Issachar was Jacob’s ninth son and ancestor of one of the twelve tribes of Israel. In Hebrew, Issachar means either “man of reward” or “hired man.” His name is associated with the circumstances of his birth.
Issachar’s mother was Leah. After she gave birth to her fourth son, Judah, Leah stopped having children and was presumed to be barren (Genesis 29:35). One day her oldest son, Reuben, came across mandrakes in the field. In folk medicine, these flowering herbs were thought to enhance a woman’s fertility. Reuben picked the mandrakes and brought them to his mother. Leah and her younger sister, Rachel, argued over the mandrakes, but finally came to an agreement. Leah would give Rachel some of the mandrakes as a reward or payment for allowing Leah to sleep with their husband, Jacob. That night, Leah became pregnant and later gave Jacob her fifth (and his ninth) son, Issachar (Genesis 30:14–18).
As a Bible character, Issachar plays almost no role in the family story. We know he fathered four sons: Tola, Puah, Jashub, and Shimron (Genesis 46:13). To escape the famine, Issachar joined Jacob in relocating his family to Egypt, where Issachar eventually died and was buried. Later his body was moved to Shechem with the rest of the patriarchs (Acts 7:16).
Like his brothers, Issachar received a blessing from his father before Jacob’s death: “Issachar is a rawboned donkey lying down among the sheep pens. When he sees how good is his resting place and how pleasant is his land, he will bend his shoulder to the burden and submit to forced labor” (Genesis 49:14–15). The blessing seems more like a curse, possibly indicating that the tribe of Issachar was forced to work for a Canaanite king at some point.
The territory of the tribe of Issachar, described in Joshua 19:17–23, incorporated the fertile eastern section of the valley of the Jezreel River, a western tributary of the Jordan, with Mount Tabor to the north and the Jordan River to the east.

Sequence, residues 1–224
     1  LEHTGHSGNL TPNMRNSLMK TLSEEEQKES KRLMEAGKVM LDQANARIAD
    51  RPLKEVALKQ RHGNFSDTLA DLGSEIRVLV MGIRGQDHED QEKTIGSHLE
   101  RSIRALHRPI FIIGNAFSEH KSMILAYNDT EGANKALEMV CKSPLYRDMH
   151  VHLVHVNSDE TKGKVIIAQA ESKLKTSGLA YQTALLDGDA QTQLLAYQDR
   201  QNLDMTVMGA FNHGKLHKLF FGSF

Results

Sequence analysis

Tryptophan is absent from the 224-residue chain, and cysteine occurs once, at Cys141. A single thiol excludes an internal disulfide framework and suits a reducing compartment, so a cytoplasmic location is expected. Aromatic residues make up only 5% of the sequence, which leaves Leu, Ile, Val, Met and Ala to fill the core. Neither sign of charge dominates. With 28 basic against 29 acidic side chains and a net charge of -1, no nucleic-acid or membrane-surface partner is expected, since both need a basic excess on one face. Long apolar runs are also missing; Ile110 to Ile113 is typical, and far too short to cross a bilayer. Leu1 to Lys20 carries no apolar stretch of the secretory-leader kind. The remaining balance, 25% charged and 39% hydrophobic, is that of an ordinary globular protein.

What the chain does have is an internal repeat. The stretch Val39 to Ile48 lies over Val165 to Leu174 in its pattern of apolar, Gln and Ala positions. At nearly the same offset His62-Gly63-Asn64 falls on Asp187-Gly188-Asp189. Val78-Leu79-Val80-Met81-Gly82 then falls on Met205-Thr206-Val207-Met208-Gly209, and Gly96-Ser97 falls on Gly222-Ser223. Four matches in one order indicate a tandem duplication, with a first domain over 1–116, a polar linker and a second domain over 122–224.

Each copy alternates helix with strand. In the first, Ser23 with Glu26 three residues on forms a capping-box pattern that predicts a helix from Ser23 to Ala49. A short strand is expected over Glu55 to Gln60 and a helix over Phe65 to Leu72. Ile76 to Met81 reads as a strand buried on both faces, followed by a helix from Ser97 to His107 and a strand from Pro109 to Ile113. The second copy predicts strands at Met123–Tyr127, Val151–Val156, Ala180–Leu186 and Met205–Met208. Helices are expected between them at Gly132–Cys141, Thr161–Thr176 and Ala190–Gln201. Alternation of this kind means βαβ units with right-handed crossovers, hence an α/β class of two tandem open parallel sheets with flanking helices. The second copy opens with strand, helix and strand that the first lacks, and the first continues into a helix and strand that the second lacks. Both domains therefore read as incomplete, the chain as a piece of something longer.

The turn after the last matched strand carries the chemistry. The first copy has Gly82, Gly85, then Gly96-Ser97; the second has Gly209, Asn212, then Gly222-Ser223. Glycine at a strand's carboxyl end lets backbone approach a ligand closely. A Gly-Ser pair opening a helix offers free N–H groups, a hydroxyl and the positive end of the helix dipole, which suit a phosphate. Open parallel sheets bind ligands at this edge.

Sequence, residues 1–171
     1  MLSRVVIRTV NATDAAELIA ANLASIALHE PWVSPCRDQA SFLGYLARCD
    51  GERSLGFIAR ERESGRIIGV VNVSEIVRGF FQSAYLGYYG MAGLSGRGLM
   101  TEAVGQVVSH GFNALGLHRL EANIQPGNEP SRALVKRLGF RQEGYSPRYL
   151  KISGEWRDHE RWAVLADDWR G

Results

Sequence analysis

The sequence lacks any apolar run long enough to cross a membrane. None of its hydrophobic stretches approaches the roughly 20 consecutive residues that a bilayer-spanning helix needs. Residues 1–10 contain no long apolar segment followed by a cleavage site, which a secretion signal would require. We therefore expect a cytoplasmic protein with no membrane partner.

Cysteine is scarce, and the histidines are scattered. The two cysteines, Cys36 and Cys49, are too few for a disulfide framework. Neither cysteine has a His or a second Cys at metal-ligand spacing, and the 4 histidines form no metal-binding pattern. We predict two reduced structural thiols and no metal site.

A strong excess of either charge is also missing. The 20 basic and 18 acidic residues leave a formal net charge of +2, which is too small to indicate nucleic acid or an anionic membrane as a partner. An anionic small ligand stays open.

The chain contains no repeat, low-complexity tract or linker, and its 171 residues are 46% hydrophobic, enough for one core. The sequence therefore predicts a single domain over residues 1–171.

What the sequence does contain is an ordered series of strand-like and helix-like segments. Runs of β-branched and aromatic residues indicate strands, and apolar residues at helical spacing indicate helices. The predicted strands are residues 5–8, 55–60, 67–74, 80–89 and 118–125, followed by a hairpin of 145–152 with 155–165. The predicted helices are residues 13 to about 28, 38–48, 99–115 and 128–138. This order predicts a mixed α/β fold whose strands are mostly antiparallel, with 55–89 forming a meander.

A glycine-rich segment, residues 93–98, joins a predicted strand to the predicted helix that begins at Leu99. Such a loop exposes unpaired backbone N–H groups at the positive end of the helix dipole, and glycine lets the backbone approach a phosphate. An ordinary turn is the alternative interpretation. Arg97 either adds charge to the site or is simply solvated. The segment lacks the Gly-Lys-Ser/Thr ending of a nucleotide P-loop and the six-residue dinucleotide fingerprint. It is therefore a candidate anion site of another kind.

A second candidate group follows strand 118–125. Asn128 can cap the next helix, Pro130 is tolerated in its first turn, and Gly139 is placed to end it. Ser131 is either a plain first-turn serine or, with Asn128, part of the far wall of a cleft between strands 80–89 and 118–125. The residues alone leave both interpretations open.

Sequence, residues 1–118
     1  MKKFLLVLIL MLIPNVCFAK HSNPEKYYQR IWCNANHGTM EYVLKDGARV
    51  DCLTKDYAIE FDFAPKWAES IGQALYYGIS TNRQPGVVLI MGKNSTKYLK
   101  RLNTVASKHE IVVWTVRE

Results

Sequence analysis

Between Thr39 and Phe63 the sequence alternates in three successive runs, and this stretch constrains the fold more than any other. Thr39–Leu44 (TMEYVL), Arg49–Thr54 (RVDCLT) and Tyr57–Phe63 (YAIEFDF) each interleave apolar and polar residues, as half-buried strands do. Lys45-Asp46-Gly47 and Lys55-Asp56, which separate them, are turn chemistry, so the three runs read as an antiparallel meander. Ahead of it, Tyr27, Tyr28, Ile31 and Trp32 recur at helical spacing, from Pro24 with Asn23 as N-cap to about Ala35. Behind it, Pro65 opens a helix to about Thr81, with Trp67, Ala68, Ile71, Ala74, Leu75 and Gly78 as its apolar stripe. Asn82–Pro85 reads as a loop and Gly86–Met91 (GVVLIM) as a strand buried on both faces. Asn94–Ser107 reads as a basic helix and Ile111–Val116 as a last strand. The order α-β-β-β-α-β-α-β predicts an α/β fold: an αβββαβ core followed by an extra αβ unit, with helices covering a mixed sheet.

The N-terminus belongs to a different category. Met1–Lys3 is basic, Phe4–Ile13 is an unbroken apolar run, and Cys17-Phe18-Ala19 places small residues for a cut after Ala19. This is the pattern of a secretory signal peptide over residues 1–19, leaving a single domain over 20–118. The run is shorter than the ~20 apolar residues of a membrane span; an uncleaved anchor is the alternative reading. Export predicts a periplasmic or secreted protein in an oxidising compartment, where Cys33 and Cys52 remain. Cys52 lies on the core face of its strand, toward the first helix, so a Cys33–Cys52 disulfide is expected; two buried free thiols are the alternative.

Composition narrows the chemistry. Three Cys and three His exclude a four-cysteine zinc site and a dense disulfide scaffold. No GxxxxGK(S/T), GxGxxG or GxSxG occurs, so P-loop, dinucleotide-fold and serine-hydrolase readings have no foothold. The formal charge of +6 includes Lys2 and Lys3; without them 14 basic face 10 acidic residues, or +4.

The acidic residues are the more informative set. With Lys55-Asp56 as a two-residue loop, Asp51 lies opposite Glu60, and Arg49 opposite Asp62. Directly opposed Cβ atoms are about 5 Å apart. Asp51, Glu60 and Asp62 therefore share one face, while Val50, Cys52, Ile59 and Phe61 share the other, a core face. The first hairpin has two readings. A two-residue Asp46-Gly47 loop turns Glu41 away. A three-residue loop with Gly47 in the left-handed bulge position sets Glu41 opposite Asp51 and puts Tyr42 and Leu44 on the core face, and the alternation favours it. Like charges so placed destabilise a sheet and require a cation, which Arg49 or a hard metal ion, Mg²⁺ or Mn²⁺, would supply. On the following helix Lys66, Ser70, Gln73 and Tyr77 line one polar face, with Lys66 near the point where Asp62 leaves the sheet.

Issachar shared a border and close connection with the tribe of Zebulon. This link is evident in the common blessing given by Moses before this death: “About Zebulun he said: ‘Rejoice, Zebulun, in your going out, and you, Issachar, in your tents. They will summon peoples to the mountain and there offer the sacrifices of the righteous; they will feast on the abundance of the seas, on the treasures hidden in the sand’” (Deuteronomy 33:18–19).
Issachar was a large tribe. Its battle-ready men numbered 54,400 in the first census (Numbers 1:29). By the time of the second census, it had increased to 64,400 (Numbers 26:25). During the reign of King David, Issachar’s mighty men numbered 87,000 (1 Chronicles 7:5).
In the time of the judges, Issachar’s tribe joined with Deborah and Barak to defeat Jabin, the king of Hazor (Judges 5:15). From Issachar’s tribe came a later judge, Tola (Judges 10:1–2), as well as two kings of Israel, Baasha and his son Elah (1 Kings 15:27 – 16:14). As one of the northern tribes in the divided kingdom, Issachar was taken into captivity when the northern kingdom fell.
There is a brief mention in the Bible of another man named Issachar: a Levite and descendant of Korah. This Issachar was one of the door-keepers of the temple. He is listed as the seventh son of Obed-edom and was one of the “capable men with the strength to do the work” (1 Chronicles 26:8).